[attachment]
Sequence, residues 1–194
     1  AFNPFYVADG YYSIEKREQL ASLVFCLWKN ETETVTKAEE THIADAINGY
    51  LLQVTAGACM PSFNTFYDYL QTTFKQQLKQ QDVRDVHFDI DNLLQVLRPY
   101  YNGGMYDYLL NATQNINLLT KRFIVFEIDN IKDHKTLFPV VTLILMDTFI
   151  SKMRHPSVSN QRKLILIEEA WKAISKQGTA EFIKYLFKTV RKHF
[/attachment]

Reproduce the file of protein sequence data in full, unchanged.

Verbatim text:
Sequence, residues 1–194
     1  AFNPFYVADG YYSIEKREQL ASLVFCLWKN ETETVTKAEE THIADAINGY
    51  LLQVTAGACM PSFNTFYDYL QTTFKQQLKQ QDVRDVHFDI DNLLQVLRPY
   101  YNGGMYDYLL NATQNINLLT KRFIVFEIDN IKDHKTLFPV VTLILMDTFI
   151  SKMRHPSVSN QRKLILIEEA WKAISKQGTA EFIKYLFKTV RKHF